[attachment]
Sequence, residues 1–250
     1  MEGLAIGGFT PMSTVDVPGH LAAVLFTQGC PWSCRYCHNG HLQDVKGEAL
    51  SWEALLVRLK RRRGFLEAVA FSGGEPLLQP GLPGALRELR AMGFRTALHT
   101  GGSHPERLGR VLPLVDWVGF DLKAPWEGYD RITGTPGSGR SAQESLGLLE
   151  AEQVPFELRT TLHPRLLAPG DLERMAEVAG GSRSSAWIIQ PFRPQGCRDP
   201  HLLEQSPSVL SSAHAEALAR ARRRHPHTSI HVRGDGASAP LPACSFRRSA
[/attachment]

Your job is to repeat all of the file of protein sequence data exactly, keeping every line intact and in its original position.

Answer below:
Sequence, residues 1–250
     1  MEGLAIGGFT PMSTVDVPGH LAAVLFTQGC PWSCRYCHNG HLQDVKGEAL
    51  SWEALLVRLK RRRGFLEAVA FSGGEPLLQP GLPGALRELR AMGFRTALHT
   101  GGSHPERLGR VLPLVDWVGF DLKAPWEGYD RITGTPGSGR SAQESLGLLE
   151  AEQVPFELRT TLHPRLLAPG DLERMAEVAG GSRSSAWIIQ PFRPQGCRDP
   201  HLLEQSPSVL SSAHAEALAR ARRRHPHTSI HVRGDGASAP LPACSFRRSA